Ridge. Jean Trotter

Colin Wilson

Jean Trotter's almhouses, now known as Orchard Mead. 2016
Colin Wilson
The dedication stone on the front gable. 2016
Colin Wilson
Sketch map showing the location of the almshouses

Gilbert Scott later designed or restored about 850 buildings, including the Midland Hotel at St Pancras station, the chapel of Exeter College, Oxford, the Albert Memorial and the Foreign & Commonwealth Office, Whitehall. His partner at the time these almshouses were designed was W B Moffatt. Nice pedigree.

The Historic England site mentions that there were originally 5 almshouses. The dedication stone reads, ‘1844 These almshouses were erected in accordance with the wish of Miss Jean Trotter of Dyrham Park’.

There do not seem to be any textual references to Jean Trotter’s almshouses in Victoria County History, but they are shown on a map. Maybe the relevant phrase is ‘there are no endowed’, indicating the upkeep was privately financed or that that the building was given with the wish that others would later provide for it.

Jean Trotter

Jean Trotter, the daughter of John and Felicity Trotter, was born in Soho Square, in the parish of St Anne, Westminster on 10th November 1804. While she was baptised on the same day, the birth was not registered until 4 years later. She never married. She lived at Connaught Place West, in Middlesex, and died aged just 38 on 29th August 1843 in Florence, where she is buried in the Cimitero Accatolico.

Her will dated 29th July 1843 and proved 29th December the same year includes the clause, ‘I give and bequeath ….. £500 to my brother John Trotter to be applied by him towards the erection of almshouses and for the benefit of the poor in the neighbourhood of Dyrham Park’. This document also lists many of her family connections.

Dyrham Park

According to F Cass, Dyrham Park was bought in 1798 by John Trotter, who was succeeded by Captain John Trotter, who died in1870. The manor was eventually held by four generations of Trotters, until it was sold to the Middlesex and Hertfordshire county councils in 1938 (which may link with the purchase date of the almshouses just after the War).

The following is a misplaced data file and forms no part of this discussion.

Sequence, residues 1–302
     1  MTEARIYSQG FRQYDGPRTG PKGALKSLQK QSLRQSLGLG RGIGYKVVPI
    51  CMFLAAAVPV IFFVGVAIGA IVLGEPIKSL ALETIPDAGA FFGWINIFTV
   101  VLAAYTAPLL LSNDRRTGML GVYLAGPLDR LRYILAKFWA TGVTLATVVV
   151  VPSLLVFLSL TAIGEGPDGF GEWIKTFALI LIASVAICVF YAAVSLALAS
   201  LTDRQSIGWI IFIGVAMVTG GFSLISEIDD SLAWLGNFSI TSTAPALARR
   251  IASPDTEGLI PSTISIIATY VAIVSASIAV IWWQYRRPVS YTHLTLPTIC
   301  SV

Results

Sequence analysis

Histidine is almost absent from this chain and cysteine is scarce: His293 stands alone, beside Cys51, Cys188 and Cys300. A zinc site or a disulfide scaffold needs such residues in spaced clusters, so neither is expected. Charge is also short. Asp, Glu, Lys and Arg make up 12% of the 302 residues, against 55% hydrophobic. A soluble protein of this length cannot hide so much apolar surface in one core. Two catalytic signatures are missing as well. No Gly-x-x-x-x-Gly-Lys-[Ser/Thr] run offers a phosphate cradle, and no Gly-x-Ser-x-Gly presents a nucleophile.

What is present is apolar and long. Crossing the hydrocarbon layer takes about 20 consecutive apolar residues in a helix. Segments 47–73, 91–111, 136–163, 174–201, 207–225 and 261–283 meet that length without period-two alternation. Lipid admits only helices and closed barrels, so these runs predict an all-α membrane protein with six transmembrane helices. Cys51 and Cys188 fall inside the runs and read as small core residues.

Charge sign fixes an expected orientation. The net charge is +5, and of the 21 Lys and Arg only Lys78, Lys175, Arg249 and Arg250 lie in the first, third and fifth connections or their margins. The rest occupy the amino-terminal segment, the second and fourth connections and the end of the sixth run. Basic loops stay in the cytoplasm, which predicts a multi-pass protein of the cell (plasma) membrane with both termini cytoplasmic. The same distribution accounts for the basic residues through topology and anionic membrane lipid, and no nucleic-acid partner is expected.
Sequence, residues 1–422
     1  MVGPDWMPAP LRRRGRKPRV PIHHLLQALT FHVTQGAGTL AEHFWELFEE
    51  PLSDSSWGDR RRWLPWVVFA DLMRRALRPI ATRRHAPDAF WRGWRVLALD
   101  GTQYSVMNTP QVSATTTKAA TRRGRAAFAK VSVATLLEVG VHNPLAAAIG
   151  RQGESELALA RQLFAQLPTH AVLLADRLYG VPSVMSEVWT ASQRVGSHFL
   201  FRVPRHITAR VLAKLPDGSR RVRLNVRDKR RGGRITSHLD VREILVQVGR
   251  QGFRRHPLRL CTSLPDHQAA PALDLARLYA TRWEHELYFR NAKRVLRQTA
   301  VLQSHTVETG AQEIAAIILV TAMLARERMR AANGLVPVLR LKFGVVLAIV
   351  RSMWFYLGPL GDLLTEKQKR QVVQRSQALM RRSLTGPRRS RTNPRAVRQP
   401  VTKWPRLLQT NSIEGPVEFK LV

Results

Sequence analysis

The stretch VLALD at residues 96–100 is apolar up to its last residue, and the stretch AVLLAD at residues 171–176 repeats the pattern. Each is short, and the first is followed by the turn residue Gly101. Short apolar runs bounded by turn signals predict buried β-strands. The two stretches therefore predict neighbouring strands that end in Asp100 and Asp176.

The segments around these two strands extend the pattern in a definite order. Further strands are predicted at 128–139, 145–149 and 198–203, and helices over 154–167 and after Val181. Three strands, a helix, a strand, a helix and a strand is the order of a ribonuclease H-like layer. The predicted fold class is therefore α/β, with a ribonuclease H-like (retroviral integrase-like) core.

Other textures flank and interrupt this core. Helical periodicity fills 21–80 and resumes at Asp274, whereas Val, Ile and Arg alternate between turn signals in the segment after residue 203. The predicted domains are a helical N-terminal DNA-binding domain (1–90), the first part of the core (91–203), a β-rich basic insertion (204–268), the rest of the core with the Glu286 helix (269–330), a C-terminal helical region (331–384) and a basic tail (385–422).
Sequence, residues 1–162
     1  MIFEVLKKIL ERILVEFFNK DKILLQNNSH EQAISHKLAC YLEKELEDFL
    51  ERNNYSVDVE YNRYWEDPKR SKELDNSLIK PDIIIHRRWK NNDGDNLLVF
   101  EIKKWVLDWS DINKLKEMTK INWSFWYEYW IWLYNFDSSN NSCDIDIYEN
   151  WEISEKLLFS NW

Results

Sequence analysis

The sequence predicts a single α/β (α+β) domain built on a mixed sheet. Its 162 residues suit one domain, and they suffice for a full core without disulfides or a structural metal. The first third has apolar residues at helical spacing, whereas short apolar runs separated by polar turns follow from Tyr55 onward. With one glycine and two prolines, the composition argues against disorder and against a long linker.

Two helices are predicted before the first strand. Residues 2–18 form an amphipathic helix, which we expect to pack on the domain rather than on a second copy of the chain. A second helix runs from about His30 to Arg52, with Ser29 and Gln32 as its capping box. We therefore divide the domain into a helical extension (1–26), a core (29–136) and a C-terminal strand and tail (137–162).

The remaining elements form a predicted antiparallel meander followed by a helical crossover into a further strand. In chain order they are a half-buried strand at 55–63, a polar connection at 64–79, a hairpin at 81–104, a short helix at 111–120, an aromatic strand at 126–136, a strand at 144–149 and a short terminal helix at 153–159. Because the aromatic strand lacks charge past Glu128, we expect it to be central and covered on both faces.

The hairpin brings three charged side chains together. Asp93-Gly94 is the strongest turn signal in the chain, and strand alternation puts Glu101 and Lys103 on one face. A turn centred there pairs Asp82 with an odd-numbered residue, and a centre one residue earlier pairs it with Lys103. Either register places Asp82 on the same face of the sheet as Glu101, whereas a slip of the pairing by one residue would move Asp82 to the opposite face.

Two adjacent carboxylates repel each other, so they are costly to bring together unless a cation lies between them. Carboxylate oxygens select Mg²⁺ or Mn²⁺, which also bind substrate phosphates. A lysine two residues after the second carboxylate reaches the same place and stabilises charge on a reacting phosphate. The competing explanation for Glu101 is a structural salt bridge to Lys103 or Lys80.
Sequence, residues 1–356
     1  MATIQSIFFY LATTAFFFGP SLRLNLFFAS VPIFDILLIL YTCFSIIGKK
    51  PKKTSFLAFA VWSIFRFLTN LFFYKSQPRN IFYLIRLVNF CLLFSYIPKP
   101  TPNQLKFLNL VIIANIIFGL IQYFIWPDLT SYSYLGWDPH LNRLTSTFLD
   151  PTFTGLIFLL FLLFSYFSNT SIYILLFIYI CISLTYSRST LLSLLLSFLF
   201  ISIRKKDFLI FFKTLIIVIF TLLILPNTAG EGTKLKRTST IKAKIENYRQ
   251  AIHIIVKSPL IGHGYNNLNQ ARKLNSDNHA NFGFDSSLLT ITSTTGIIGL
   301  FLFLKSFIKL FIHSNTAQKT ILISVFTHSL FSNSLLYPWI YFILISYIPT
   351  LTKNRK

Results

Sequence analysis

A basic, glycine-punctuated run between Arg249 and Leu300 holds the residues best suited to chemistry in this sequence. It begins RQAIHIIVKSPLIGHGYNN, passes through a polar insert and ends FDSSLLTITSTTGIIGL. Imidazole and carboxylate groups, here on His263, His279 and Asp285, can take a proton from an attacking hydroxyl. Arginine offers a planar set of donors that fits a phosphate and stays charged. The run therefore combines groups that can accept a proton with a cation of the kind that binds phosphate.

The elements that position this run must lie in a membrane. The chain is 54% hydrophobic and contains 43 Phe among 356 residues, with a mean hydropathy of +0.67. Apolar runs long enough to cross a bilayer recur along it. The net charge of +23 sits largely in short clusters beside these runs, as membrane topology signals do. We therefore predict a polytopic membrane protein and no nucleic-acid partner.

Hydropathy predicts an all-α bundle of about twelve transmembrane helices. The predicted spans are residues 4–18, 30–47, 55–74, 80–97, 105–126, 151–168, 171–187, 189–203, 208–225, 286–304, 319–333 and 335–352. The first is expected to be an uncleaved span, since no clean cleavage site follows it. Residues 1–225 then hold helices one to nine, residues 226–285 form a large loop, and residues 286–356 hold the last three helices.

Later History

A conversation with the owner in October 2016 revealed that the almshouses were in such a poor state by the end of World War II that they were little more than hovels. There was an earth closet at the forge next door, but no gas, electricity or sewage.

The property was bought from Middlesex County Council soon after the end of WWII for £1000. The additions at each end were added at that time. The property is now in private hands and is named Orchard Mead.

It was listed as grade II by Historic England in 1985, with a reference of 1103540.


Address:         Cross Oaks Lane, Ridge, Potters Bar EN6 3LL
Georef:           521399 200334
Grid ref:         51o 41′ 20″N  0o 14′ 00″W

The almshouses are shown on the 1895 OS map Mddx 1.SW, published 1898. A copy can be viewed at http://maps.nls.uk/view/101454736


South Mimms, by Frederick Charles Cass (rector of Monken Hadley)
Page 35
Pub Westminster, printed by Nichols and Sons, 25 Parliament Street 1877
A copy is held at HALS.

The Buildings of England: Hertfordshire by N Pevsner
(rev B Cherry), pub. Penguin Books 1977 ISBN 0 14 071007 8, 1977

Victorian Almshouses in Hertfordshire, by J A Vyse
A Building Conservation thesis for A A Building Conservation course 1982 – 4
A copy is held at HALS.

A collection of watercolours painted by John Norman 1980 – 2007 is held at HALS ref DE/X1009/1/1. It includes the Almshouses, Old Guinea Inn and Tyttenhanger House, Ridge (includes notes on the parish and village, completed in a calligraphic style).

Websites accessed June 2018

Websites accessed June 2018

‘Sheet 040’, in Map of Hertfordshire (Southampton, 1873-1885), British History Online http://www.british-history.ac.uk/os-1-to-10560/hertfordshire/040 shows the map in Victoria County History.

A P Baggs, Diane K Bolton, Eileen P Scarff and G C Tyack, ‘South Mimms: Other estates’, in A History of the County of Middlesex: Volume 5, Hendon, Kingsbury, Great Stanmore, Little Stanmore, Edmonton Enfield, Monken Hadley, South Mimms, Tottenham, ed. T F T Baker and R B Pugh (London, 1976), pp. 285-290. British History Online http://www.british-history.ac.uk/vch/middx/vol5/pp285-290 notes the sale of Dyrham Park as recorded in Victoria County History.

The link for Historic England is https://historicengland.org.uk/listing/the-list/list-entry/1103540

Jean Trotter’s birth record can be accessed at https://www.ancestry.co.uk/interactive/2972/40612_B0147119-00242?pid=1706186&treeid=&personid=&rc=&usePUB=true&_phsrc=lZp140&_phstart=successSource.

Jean Trotter’s will can be accessed at https://www.ancestry.co.uk/interactive/5111/40611_309659-00672?pid=391523&backurl=https://search.ancestry.co.uk/cgi-bin/sse.dll?indiv%3D1%26dbid%3D5111%26h%3D391523%26tid%3D%26pid%3D%26usePUB%3Dtrue%26_phsrc%3DlZp138%26_phstart%3DsuccessSource&treeid=&personid=&hintid=&usePUB=true&_phsrc=lZp138&_phstart=successSource&usePUBJs=true#?imageId=40611_309659-00672

Jean Trotter’s  burial record can be found at https://www.findagrave.com/memorial/160824659

http://www.workhouses.org.uk/buildings/Scott.shtml provides further information about Scott and Moffatt

This page was added on 04/07/2018.

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  • Ephraim Ambler and his wife Rebecca Goodman are recorded as living in the Ridge almshouse in the 1891 censuses.
    They were my great uncle’s wife’s grandparents.

    By Rosemary Wilson (30/10/2018)